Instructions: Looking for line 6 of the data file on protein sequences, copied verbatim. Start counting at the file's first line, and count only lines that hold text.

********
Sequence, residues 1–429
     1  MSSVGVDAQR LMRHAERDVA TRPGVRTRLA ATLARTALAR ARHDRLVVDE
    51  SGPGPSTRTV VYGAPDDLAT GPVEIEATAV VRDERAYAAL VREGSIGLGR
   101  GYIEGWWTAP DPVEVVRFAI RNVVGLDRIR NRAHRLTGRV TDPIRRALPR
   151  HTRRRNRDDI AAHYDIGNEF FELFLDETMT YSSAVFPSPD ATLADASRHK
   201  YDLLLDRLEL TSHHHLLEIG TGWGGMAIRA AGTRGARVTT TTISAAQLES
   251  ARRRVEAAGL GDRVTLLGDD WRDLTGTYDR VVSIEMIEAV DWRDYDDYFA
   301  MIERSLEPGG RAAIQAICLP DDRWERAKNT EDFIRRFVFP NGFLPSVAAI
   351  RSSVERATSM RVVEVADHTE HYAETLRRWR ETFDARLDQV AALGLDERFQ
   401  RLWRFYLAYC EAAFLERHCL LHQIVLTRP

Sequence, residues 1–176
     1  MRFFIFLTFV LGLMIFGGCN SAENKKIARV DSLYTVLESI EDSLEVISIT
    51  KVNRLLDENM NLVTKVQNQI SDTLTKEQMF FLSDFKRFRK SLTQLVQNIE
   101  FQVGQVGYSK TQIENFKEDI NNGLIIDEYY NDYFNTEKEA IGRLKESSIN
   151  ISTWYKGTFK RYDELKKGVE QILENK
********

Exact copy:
   201  YDLLLDRLEL TSHHHLLEIG TGWGGMAIRA AGTRGARVTT TTISAAQLES